The final component to crafting a good Theme is to prove that a student is, indeed, the very best in his or her chosen field. Having a demonstrated interest isn’t enough without the skills to back it up, and competitions are a great way to prove that those skills exist when applying for Ivy League admissions.   If a student has chosen to pursue a Political Activism Theme, then it is logical for that student to participate in some sort of speech or debate club in order to demonstrate a strong voice. In accordance with the leadership component of the Theme, it makes sense for this student to pursue a leadership position within the club. This is good on its own, but what if that debate team went on to win a local competition, then a state competition, then a regional competition? This would prove a student to be not only an aspiring leader interested in political activism, but also a skilled and formidable speaker capable of formulating sharp arguments. Having the extra achievement of being the best at something is the best way to stand out in a competitive pool filled with Ivy League applications.   Another example of a competition is the American Mathematics Competition (AMC). Each year, more than 350,000 students compete in the AMC in order to show their mathematical talent. If the student scores well, he or she will be presented with a special certificate of achievement that they can attach to the college application. For elite schools like MIT and Caltech, as well as the math, science, or engineering departments of most top colleges, these AMC certificates are highly valuable. It takes a lot of skill to be the best at a subject like math, which everyone is supposed to learn, and the AMC is a well-known and well-respected test. Doing well in the AMC is a great component to any math or science based Theme, especially when seeking MIT college admission.   Although competitions are stressful and nerve-wracking, they are a great way for students to test their skills against those of their peers. IvyZen encourages students to actively seek and participate in any available competitions that their school or region offers.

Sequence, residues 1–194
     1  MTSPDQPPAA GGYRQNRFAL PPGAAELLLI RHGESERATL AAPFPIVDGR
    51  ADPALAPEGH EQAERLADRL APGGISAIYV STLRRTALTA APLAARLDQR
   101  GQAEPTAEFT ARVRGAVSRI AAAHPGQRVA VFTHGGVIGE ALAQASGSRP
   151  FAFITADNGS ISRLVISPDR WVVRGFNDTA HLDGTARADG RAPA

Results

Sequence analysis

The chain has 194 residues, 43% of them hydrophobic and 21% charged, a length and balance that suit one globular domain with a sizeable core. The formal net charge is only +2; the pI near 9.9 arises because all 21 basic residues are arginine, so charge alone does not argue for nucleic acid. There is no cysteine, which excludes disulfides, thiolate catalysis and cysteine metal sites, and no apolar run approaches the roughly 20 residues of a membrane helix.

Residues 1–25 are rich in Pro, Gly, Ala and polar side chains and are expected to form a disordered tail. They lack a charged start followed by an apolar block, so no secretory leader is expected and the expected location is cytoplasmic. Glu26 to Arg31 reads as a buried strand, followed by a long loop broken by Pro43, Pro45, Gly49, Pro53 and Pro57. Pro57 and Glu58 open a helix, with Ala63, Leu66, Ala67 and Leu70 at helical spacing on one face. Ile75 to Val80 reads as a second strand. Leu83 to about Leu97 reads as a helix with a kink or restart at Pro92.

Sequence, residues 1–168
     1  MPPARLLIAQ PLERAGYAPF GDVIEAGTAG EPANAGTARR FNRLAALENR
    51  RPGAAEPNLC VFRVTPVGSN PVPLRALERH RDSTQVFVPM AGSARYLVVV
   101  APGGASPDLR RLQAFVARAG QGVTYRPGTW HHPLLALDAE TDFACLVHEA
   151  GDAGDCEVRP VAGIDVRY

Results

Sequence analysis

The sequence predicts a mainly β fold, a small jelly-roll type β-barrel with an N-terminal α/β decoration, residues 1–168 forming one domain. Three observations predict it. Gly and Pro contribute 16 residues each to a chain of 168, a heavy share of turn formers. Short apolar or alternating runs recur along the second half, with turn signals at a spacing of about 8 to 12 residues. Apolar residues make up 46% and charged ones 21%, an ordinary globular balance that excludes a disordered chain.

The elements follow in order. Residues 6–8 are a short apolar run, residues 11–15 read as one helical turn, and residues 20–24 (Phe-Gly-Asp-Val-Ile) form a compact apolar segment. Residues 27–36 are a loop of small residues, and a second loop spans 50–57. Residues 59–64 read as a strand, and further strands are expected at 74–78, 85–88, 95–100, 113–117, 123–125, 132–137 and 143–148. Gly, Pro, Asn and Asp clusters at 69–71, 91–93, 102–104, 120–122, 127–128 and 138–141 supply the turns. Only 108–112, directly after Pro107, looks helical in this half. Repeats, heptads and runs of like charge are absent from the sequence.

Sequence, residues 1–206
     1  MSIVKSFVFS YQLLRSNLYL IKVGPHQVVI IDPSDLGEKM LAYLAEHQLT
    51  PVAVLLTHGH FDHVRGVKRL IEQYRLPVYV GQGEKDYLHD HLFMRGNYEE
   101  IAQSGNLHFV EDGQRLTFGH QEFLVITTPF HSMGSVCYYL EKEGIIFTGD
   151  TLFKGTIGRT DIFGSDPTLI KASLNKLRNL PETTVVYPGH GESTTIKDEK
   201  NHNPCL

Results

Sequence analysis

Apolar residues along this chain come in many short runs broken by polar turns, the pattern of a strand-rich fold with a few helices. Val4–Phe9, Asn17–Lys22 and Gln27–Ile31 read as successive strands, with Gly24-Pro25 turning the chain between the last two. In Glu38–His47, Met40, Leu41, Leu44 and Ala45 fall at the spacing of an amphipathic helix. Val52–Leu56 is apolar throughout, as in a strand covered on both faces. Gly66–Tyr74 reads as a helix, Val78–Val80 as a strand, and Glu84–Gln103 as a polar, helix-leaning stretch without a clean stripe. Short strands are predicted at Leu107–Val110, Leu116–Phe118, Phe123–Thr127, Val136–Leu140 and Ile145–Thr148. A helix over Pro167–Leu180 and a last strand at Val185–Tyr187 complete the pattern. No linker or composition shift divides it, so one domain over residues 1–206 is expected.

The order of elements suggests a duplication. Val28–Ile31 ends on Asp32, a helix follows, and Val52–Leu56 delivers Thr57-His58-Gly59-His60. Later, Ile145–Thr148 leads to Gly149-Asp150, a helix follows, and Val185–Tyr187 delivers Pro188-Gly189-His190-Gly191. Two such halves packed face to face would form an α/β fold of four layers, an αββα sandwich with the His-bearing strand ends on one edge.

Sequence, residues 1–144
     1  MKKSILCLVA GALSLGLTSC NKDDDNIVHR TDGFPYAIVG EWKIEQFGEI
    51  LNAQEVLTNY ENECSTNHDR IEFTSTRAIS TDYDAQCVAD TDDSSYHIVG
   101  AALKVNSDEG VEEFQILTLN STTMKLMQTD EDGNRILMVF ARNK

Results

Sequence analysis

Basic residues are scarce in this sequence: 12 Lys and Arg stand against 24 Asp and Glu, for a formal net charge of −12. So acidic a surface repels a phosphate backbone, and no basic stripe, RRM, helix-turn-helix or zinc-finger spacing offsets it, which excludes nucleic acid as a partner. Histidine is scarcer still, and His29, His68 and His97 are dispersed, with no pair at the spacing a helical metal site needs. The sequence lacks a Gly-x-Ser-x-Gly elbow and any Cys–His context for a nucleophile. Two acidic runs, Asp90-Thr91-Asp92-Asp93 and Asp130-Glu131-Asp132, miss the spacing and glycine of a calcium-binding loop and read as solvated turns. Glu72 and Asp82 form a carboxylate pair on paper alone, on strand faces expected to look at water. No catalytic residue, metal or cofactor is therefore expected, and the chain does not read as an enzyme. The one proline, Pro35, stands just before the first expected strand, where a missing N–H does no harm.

Choosing a Theme

For those seeking Ivy League admissions, selecting the perfect Theme can be difficult, especially since the Theme will set the trajectory for the student’s academic and extracurricular tracks. The selection process requires a lot of careful thought, which begins with three questions:

  1. What are you good at?
  2. What do you like?
  3. What will help with admissions?